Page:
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Understanding Your Closing Disclosure

The new five-page Closing Disclosure makes home loans easier to understand and must be provided to borrowers at least 72 hours before their closing dates to allow them more time to review what they are signing. This new disclosure replaces the HUD-1 Settlement Statement. Previously, the HUD-1 Settlement Statement was provided to a buyer at closing.

Table of Contents

Easy to Understand Format

The Closing Disclosure is a statement of the final loan terms and closing costs. The information on this disclosure should be compared with the Loan Estimate that the borrower received when applying for his or her mortgage. Each page of the document lays out the key terms and details of fees and other costs associated with finalizing the mortgage at closing.

Page One

The first page of the Disclosure displays information regarding the buyer and seller, loan information and closing date and location. The loan information includes information that should match what the borrower was offered while applying for the mortgage, including:

  • Loan amount
  • Agreed interest rate
  • Monthly principal and interest
  • Projected payments, including a breakdown of principal and interest, PMI if applicable, taxes, homeowners’ insurance, and escrow
  • Costs at closing

Page Two

The second page of the Disclosure gives a breakdown of all the closing costs associated with the mortgage loan. Costs include loan origination charges, services the borrower did not shop for, such as the bank’s appraisal fee, and services the borrower did shop for, like survey or inspection fees. Other costs refer to various expenses that may have been prepaid by the borrower or seller.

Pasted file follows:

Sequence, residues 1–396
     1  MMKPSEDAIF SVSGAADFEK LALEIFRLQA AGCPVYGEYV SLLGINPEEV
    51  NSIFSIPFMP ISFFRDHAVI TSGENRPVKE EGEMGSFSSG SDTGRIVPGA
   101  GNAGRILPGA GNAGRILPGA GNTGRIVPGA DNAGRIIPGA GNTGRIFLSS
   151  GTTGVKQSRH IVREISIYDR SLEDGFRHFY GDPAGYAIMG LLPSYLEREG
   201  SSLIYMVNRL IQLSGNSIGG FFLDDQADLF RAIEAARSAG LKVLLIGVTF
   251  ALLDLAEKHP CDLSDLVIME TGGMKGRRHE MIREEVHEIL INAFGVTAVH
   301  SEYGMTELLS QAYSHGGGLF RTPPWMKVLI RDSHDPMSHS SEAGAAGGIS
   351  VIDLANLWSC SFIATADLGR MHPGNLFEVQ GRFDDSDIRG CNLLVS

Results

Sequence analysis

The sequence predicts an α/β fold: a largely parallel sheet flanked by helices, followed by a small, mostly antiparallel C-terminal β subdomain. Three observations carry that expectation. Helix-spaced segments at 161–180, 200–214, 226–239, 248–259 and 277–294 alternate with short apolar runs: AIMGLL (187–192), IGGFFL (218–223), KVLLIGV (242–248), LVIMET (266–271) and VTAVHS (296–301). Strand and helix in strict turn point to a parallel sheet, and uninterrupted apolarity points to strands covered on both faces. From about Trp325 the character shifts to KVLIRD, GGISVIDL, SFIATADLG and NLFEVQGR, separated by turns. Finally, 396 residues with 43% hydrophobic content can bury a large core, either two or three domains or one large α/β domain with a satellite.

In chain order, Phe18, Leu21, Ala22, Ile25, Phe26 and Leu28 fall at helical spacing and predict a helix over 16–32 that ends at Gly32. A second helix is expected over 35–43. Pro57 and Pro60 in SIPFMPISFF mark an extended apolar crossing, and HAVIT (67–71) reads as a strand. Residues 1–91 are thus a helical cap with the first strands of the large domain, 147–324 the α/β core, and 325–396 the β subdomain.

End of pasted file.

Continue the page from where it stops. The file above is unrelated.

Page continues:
Page Three

The third page of the Disclosure provides the calculations that are used to calculate the cash needed to close and summaries of both the borrower’s and seller’s transactions. These summaries are a record of all charges, adjustments, and payments for both entities.

Pages Four and Five

The final two pages of the Disclosure provide additional information about the loan including late payment fees, escrow information, and loan calculations. All contact information for the lender, mortgage broker, real estate brokers for buyer and seller, and settlement agent are provided on the final page. The borrower signs the bottom of the last page to confirm they have received the Disclosure.

In addition to the above disclosures, sellers may need to provide mold or lead based paint disclosures.

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Roger W. Stelk

Arlington Heights family law attorney Roger W. Stelk provides legal representation and advice to people facing divorce, child custody, and real estate law matters in Cook County, the Northwest suburbs of Chicago, and Northern Illinois. As the founder of the Law Offices of Roger W. Stelk, his goal is to provide the highest quality legal services in a professional, personal and comfortable atmosphere.

Years of Experience: More than 30 years
Illinois Registration Status: Active

Bar Admissions: Illinois State Bar Association McHenry County Bar Association Northwest Suburban Bar Association

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author-bio-image author-bio-image
Roger W. Stelk

Arlington Heights family law attorney Roger W. Stelk provides legal representation and advice to people facing divorce, child custody, and real estate law matters in Cook County, the Northwest suburbs of Chicago, and Northern Illinois. As the founder of the Law Offices of Roger W. Stelk, his goal is to provide the highest quality legal services in a professional, personal and comfortable atmosphere.

Years of Experience: More than 30 years
Illinois Registration Status: Active

Bar Admissions: Illinois State Bar Association McHenry County Bar Association Northwest Suburban Bar Association

Go Back <<
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